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Rhyne Hughes matches Jeffrey Hammonds' quick start in Baltimore

In his first three games with the Orioles, Rhyne Hughes had as many hits with runners in scoring position as the team did in its first three home games of the season.

Hughes tallied RBI singles on April 24, 25, and 27; the Orioles, meanwhile, went 2-for-8, 0-for-6, and 1-for-8 with runners in scoring position from April 9 to 11 against Toronto.

Perhaps it's too soon to coin Hughes the greatest thing since sliced bread. He is, however, the greatest thing since Jeffrey Hammonds - at least in one regard. Hughes is the first Oriole since Hammonds to have two hits and an RBI in each of his first two big league games.

Nevertheless, Hughes' path to the majors was much longer than that of Hammonds.

The Orioles selected Hammonds with the fourth pick in the 1992 amateur draft. Hammonds was the next big thing, a player considered by many to be the best pick in the draft whose speed and power drew comparisons to Rickey Henderson. His $975,000 signing bonus was larger than that of any other player drafted, including Derek Jeter.

Hammonds broke the PAC-10 single season stolen base record during his freshman year at Stanford and was named NCAA Freshman of the Year. He was an All-College World Series selection in 1990 and a two-time All-American ('90 and '92).

The Hammonds hype only grew from there. He batted .414 for the 1992 Olympic team. He homered in his first intrasquad game during spring training and followed that up with a homer in his first Grapefruit League game.

Assistant General Manager Frank Robinson liked what he saw.

"The more I see of this kid, the more I'm impressed with him," Robinson said. "He's made major strides every time I've seen him, and I liked him from the very first time I saw him in college. Without going overboard, I feel like he's going to be an outstanding major league player for a lot of years -- maybe not this year, but not too far in the future."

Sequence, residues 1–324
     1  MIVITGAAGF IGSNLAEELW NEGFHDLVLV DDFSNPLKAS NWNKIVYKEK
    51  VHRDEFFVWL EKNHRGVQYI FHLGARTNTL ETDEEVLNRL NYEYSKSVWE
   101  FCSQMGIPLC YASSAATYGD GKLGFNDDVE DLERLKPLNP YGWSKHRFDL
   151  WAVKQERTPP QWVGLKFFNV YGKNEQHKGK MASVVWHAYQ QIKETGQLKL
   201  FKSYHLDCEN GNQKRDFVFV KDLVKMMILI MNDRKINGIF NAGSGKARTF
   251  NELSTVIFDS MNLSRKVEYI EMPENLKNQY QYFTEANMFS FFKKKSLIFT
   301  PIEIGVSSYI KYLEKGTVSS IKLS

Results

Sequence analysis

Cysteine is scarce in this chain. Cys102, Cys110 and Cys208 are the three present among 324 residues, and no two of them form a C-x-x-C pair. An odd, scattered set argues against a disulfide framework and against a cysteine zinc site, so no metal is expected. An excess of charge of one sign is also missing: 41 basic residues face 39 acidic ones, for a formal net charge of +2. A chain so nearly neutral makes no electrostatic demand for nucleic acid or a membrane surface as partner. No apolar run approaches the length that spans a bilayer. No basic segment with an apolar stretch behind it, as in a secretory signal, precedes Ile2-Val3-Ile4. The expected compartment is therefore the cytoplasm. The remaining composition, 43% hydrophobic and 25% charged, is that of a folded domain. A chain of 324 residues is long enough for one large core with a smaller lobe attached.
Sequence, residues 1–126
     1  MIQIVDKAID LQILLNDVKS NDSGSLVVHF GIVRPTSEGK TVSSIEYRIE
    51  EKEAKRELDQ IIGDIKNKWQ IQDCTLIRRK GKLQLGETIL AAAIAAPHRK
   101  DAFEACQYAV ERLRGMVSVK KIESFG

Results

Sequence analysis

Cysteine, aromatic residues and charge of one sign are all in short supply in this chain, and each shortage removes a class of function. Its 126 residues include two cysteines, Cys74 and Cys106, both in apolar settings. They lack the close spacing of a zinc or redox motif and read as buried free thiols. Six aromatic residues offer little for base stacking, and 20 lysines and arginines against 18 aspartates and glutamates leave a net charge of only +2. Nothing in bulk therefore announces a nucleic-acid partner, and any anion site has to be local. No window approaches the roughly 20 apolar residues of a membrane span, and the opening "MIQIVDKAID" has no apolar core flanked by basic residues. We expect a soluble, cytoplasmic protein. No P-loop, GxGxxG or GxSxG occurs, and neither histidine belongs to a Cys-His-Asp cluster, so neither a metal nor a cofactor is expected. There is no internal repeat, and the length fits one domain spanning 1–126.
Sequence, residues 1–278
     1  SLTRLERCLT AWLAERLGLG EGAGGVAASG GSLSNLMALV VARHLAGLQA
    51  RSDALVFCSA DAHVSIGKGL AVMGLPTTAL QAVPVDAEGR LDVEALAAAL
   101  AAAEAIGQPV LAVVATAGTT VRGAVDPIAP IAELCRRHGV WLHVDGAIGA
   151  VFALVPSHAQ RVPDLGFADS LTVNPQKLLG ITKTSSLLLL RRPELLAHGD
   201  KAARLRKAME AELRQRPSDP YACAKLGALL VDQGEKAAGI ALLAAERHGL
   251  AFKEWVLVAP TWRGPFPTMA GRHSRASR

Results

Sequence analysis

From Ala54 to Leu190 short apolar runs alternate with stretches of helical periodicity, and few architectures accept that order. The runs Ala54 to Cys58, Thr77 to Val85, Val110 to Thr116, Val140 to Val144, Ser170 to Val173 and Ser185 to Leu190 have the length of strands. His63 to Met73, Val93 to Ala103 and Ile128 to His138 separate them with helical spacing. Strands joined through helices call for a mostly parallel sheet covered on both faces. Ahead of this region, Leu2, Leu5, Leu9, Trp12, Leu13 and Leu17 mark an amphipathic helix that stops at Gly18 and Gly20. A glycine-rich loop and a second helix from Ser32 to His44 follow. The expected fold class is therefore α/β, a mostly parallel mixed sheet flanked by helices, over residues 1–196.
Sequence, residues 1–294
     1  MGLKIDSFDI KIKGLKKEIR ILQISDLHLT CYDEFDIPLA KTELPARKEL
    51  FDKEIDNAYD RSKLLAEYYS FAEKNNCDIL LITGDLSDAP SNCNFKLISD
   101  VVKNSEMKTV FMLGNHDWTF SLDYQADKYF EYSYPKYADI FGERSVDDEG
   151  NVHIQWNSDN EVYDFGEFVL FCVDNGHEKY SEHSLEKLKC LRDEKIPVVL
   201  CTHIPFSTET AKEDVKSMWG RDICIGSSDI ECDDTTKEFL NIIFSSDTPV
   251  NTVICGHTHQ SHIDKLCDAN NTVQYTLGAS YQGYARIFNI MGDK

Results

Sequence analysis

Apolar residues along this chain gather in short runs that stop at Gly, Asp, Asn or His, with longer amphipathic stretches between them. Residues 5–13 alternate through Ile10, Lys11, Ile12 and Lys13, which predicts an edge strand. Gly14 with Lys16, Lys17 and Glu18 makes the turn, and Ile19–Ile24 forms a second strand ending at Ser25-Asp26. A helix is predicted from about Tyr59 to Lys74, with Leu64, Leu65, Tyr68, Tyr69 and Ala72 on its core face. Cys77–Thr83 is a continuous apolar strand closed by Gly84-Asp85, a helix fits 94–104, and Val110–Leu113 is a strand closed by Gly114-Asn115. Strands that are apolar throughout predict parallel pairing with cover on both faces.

Overall, Hammonds hit .412 in 11 spring training games before a strained hamstring muscle sent him to Double-A Bowie. Injuries would be a recurring theme throughout his career, so much so that his father counseled him  to stop sacrificing his body so much:  "Stop running into walls, stop sliding on the ground, stop trying to climb walls."

In Bowie, Hammonds batted .300 and played what local sportwriters termed a "dazzling" center field. The team promoted him to Rochester in May, and he promptly homered in his first game with the Red Wings.

On June 25, 1993, Hammonds got the call to the big club. After preaching caution with Hammonds after having rushed pitcher Ben McDonald to the majors, the Orioles promoted him when Brady Anderson went on the disabled list. 

The young outfielder entered as a pinch-hitter for Sherman Obando in the sixth inning of the Orioles 7-6 victory over the Yankees. Hammonds went 2-for-2 with an RBI to help the Orioles rally from a 6-0 deficit for the second time in a week. It was the team's 10 straight win at Camden Yards, and their fifth straight win overall.

One day later, Hammonds, starting in left field, went 2-for-4 with a double and a home run. Final score: Orioles 12 - Yankees 10.

Hammonds hit .305 in 33 major league games in 1993; however, he missed all but two games after Aug. 8 with a neck injury.

He finished sixth in Rookie of the Year voting in 1994. (Remember Bob Hamelin? He got the award that year. Second place went to Manny Ramirez.)

Overall, Hammonds played six seasons in Baltimore and posted a .264 batting average with 51 home runs and 183 RBI. He had a .322 on-base percentage, .446 sluggling percentage, and .767 OPS. He stole 38 bases.

His lone All-Star appearance came in 2000 with the Colorado Rockies.

Hammonds reflected on the ups and downs of his much-hyped career in a 2005 Baltimore Sun article.

"I am not downtrodden," Hammonds said. "I made millions. I played in the biggest ballyards. I played in some of the biggest games. That would be selfish [to be bitter].

"I'm not the norm. And I can say that and say that with pride."